2023 Ballon d’Or Nomination List Unveils Shocking Omission of Cristiano Ronaldo

Cristiano Ronaldo Gets Snubbed From 2023 Ballon d’Or Nomination List

The air is charged with anticipation in the sports world as the nominees for the 2023 Ballon d’Or are finally unveiled. This coveted individual accolade stands as the pinnacle of recognition in soccer. However, this year’s roster of nominees carries a shocking absence, a departure from the norm persisting for over two decades- Cristiano Ronaldo. As soccer enthusiasts eagerly await the grand revelation of the final result on October 30th, it’s time to delve into the intriguing array of nominations and snubs.

The Eighth Quest for Greatness

The Eighth Quest for Greatness

Lionel Messi, a name synonymous with athletic excellence, finds himself on the precipice of securing his eighth Ballon d’Or. Widely hailed as the “Greatest of All Time” (GOAT) in the soccer realm, Messi’s journey to this coveted accolade has gained momentum, thanks to his pivotal role in Argentina’s triumph at the 2022 World Cup. His potential eighth Ballon d’Or triumph would etch his name even deeper into the chronicles of sports history, particularly in light of the shocking absence of Cristiano Ronaldo this year.

The Rising Challenger

With Cristiano Ronaldo notably absent from the running, a fresh face has emerged as a potent adversary for Messi this year. Erling Haaland, the Norwegian “goal machine,” has enjoyed a truly remarkable season, notching up an astounding 52 goals in just 53 matches. Haaland’s contributions played a crucial role in Manchester City’s resounding success across the Premier League, FA Cup, and Champions League. His remarkable on-field prowess has captured the spotlight, positioning him as a formidable contender in the race for the 2023 Ballon d’Or.

The Astonishing Absence

The absence of the Portuguese sensation, with a storied history that boasts five previous Ballon d’Or triumphs and an astonishing two-decade streak of nominations, has left fans and experts in shock. As the anticipation builds for the crowning of the 2023 Ballon d’Or recipient, soccer fans are left to scrutinize and debate this puzzling absence.

The Audio of Ripper the Talking Duck Was Recently Rediscovered

An audio recording of the Australian musk duck Ripper was recently rediscovered by researchers. The 34-year-old recording represents the first documented evidence of the musk duck species mimicking sounds. The audio itself contains a recording of Ripper saying something like, “you bloody fool.”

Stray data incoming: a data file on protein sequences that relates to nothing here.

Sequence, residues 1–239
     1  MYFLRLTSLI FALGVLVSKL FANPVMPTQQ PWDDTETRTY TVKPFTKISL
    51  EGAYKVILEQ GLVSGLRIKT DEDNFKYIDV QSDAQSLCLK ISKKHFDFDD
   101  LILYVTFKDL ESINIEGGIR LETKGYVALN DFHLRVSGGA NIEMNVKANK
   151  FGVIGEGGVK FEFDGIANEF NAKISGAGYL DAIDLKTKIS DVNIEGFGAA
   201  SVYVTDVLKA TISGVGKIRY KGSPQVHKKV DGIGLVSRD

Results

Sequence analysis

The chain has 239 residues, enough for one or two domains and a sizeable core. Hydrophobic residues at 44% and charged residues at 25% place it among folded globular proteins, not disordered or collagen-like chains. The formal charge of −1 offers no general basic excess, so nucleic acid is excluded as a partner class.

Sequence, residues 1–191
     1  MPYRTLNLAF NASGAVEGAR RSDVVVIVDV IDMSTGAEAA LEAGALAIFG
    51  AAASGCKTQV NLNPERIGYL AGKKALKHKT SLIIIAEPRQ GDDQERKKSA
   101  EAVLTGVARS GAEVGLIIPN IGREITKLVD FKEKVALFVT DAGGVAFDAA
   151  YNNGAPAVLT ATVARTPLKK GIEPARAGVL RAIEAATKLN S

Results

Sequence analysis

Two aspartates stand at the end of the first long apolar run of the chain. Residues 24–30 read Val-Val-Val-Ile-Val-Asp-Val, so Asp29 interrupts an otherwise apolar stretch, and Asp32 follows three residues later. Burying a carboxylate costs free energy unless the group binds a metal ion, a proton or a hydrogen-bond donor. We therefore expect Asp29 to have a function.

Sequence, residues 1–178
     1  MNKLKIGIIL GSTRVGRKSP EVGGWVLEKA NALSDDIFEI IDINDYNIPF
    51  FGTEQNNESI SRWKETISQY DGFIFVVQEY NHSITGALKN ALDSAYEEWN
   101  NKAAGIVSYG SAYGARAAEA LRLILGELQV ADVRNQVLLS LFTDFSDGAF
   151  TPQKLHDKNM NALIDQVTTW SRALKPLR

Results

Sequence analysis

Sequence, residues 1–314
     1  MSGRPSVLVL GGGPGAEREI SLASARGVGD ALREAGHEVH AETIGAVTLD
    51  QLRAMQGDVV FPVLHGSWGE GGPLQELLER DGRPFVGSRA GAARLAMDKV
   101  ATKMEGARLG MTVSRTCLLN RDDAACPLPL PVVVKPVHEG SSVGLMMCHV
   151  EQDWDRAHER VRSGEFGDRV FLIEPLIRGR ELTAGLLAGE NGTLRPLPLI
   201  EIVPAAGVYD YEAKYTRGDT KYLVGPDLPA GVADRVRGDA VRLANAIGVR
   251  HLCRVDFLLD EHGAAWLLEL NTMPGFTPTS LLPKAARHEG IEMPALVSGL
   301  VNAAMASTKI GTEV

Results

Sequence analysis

Ripper the Talking Duck Was Recorded Back In 1987 by Researcher Dr. Peter Fullagar

Ripper the Talking Duck Dr. Fullagar recorded Ripper at the Tidbinbilla Nature Reserve near Canberra decades ago, and until recently, the audio had been lost. That is until it was rediscovered by Professor Carel ten Cate of the Leiden University, Netherlands. Professor Carel ten Cate had been researching birds that are capable of vocal learning when he came across a reference to a talking musk duck that used to imitate sounds like speech and even a slamming door.

Professor Carel ten Cate Was Amazed That the Recording of Ripper the Talking Duck Was Not Noticed Sooner

According to Professor Carel ten Cate, the discovery of Ripper the talking duck came as a big surprise to him. He also pointed out how he found it amazing that it had remained unnoticed by vocal learning researchers until now. Professor ten Cate also said that this made the event a very special rediscovery.

Apparently, mimicking sounds is a rare characteristic among all animals. While there is evidence of vocal learning in whales, dolphins, bats, and elephants, it does not appear that it is in the nature of most mammals. It is most common among birds like parrots and ravens, who can easily mimic some sounds. Still, according to the Professor, vocal learning is rare for this group of animals as well.

Prof Carel ten CateThe professor also stated that many species of songbirds, parrots, and hummingbirds are known for being able to learn to produce specific sounds. He then cleared things out by saying that this is because vocal learning originated in those groups’ ancestral species. Previously, researchers assumed that vocal learning was shown in only three of the thirty-five orders of birds, but now thanks to Ripper the talking duck, Professor ten Cate can introduce a new order to the group.